Who’s Watching Over Customer Experience?


Share on LinkedIn

“Everyone,” you say? Then what you’re really saying is “no one.”

Here’s an interesting exercise to prove the point. Build a simple grid with all customer MOTs listed vertically in likely order of occurrence. (MOTs or “moments of truth” identify customer interactions with sellers that significantly affect customer experience). Next, horizontally list all the functions interacting with customers either directly or indirectly. Finally, in the grid portion identify which internal functions control process and policy at each MOT.

What does the grid tell you? In 90% + organizations, you have a range of functions, each largely responsible for its own process and policy?without strong central oversight. Inevitably, each unit will have a somewhat different view of what customers should experience and how much to “give” to please customers. And some will have very different perceptions. A classic example is sales wanting quick shipment of orders to meet customer expectations and Inventory Management cutting stocks to the bone to reduce cost.

Companies presenting multiple faces and voices to customers in this manner or even more subtle ways rarely create sufficiently positive customer experience to minimize churn?and suffering churn in low-demand economic times just multiplies negative effects.

Since process design and execution (and process-level policy) create virtually all customer experience, should the task of overseeing process consistency fall to process leaders? And if so, what does marketing have to say?

Republished with author's permission from original post.


  1. Hi Dick

    A short and insightful post.

    You ask the question, “Since process design and execution (and process-level policy) create virtually all customer experience, should the task of overseeing process consistency fall to process leaders? And if so, what does marketing have to say?”.

    The answer is quite simple really. Even if process leaders are responsible for process execution, Marketing provides most if not all of the content that is delivered during Moments of Truth. Particularly where companies are striving to deliver a branded customer experience.

    Processes may be the medium, but Marketing still provides the message.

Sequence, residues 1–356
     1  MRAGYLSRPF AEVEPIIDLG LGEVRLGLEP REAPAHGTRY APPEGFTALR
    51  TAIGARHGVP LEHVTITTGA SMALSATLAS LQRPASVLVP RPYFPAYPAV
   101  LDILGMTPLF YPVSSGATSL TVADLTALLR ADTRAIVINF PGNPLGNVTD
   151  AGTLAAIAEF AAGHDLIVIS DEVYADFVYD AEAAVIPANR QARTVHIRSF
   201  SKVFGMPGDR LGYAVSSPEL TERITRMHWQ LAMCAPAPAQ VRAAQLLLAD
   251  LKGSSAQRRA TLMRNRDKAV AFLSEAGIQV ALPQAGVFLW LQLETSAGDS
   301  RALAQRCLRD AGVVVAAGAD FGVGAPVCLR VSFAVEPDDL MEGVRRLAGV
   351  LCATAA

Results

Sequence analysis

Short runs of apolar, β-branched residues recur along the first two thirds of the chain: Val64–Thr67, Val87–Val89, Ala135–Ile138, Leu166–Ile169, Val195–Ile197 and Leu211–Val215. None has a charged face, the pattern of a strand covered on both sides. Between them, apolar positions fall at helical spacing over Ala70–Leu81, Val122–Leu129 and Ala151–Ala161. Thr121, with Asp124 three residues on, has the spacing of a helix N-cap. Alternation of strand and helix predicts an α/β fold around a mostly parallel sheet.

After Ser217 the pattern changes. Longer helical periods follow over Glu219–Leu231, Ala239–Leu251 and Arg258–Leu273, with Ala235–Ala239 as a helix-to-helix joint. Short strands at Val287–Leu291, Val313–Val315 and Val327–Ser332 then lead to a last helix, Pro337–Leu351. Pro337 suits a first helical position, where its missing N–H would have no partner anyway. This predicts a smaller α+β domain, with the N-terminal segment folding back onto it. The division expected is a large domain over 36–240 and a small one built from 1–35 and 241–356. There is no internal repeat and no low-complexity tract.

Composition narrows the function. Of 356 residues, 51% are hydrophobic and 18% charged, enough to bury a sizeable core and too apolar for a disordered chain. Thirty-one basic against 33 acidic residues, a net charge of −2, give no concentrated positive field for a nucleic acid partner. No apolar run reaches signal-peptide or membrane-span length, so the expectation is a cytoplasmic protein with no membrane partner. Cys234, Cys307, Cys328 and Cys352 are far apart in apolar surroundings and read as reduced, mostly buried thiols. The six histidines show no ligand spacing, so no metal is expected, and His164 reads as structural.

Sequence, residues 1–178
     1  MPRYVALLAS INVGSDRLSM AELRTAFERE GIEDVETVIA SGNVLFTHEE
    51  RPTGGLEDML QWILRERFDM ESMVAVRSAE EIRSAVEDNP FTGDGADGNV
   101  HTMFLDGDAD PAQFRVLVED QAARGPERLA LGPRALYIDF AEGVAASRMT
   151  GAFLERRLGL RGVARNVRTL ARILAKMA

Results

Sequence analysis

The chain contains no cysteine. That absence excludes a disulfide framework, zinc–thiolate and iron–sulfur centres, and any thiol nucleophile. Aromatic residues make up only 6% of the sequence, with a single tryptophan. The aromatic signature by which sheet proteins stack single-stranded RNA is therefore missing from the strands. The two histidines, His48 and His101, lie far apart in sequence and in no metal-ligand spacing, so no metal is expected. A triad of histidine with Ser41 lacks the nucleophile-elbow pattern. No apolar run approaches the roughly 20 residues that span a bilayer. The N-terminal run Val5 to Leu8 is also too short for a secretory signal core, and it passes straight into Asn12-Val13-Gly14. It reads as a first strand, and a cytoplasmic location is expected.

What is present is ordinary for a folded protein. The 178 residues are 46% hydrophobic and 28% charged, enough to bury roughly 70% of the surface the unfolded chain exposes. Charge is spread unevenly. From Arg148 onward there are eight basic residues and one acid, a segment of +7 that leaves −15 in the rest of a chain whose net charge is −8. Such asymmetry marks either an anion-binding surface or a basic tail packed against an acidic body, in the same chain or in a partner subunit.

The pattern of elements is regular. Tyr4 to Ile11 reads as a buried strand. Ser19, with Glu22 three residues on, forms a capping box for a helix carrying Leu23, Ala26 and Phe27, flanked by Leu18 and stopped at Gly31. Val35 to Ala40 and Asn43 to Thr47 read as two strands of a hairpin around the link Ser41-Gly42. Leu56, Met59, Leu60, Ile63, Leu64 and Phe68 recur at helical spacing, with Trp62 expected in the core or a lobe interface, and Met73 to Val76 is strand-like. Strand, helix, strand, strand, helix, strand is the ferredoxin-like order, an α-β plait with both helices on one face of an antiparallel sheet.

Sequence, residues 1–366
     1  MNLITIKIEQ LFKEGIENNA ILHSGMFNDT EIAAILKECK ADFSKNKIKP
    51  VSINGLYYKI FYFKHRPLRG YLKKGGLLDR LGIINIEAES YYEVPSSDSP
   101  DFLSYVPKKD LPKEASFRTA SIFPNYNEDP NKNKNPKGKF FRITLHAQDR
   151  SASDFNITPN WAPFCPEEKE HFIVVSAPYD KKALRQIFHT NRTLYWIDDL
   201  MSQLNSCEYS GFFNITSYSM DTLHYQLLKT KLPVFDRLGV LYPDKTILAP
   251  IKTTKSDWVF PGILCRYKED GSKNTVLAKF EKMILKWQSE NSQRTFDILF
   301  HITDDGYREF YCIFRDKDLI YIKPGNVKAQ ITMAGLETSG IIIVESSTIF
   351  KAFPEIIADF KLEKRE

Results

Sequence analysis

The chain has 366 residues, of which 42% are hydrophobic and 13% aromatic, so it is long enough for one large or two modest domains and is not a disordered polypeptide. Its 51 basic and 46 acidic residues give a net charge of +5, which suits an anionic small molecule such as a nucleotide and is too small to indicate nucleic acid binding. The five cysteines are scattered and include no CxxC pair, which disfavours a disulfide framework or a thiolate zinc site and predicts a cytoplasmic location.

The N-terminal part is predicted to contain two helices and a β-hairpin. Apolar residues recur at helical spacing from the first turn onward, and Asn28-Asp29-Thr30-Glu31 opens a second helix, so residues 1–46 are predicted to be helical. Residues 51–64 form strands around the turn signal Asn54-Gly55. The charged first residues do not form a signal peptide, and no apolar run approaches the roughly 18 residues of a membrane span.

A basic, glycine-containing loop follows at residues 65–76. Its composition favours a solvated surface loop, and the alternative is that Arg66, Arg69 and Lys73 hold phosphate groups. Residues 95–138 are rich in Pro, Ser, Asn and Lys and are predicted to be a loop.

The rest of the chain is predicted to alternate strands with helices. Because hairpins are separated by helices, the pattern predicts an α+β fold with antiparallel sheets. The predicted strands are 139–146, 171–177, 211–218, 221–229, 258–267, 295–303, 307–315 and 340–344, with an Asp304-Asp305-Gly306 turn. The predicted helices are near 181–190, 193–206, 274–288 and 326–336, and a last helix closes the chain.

Graham Hill
    Customer-centric Innovator
    Follow me on Twitter

    Interested in Customer Driven Innovation? Join the Customer Driven Innovation groups on LinkedIn or Facebook to learn more.

  2. Bill, I like your grid idea to reveal functional areas’ connections to moments of truth. It’s a good starting point to build awareness, and should also be done with customers’ key dis-satisfiers (which may or may not be moments of truth, per se) listed vertically on the grid.

    As you say, ownership of customer experience management certainly should be shared by everyone, and driven by a central group that can get align cross-organizational vision, metrics and continual improvement efforts.

    Some companies assign this to a Chief Customer Officer (Jeanne Bliss wrote an excellent book by this title), while others assign customer experience management to a functional area such as marketing, customer service, quality, or IT. The debate continues, as you can see from my recent post Marketing Wins Strategic Clout by Driving Customer Experience Management.

    This is a pivotal matter that deserves serious thought, strategic assignment, and careful nurturing by senior management in every company.

  3. Dick Lee – Graham – good points. But what happens when there’s no message” per se? Or in purely transactional interactions where customers may not want the distraction of anything other than instructional/informational messaging? I’ll use a web checkout process as an example. Major MOT for customers, but who is best equipped to design this?

  4. Dick Lee – Lynn, once we’ve identified MOTs, we chart “pain points” against them. Next week I’m planning a post asking whether operations quality or marketing plays a larger role in forming the customer experience. I’ll also post it in marketing and process groups both on Linkedin to see if I can set off some good scrapping. 🙂


Please use comments to add value to the discussion. Maximum one link to an educational blog post or article. We will NOT PUBLISH brief comments like "good post," comments that mainly promote links, or comments with links to companies, products, or services.

Please enter your comment!
Please enter your name here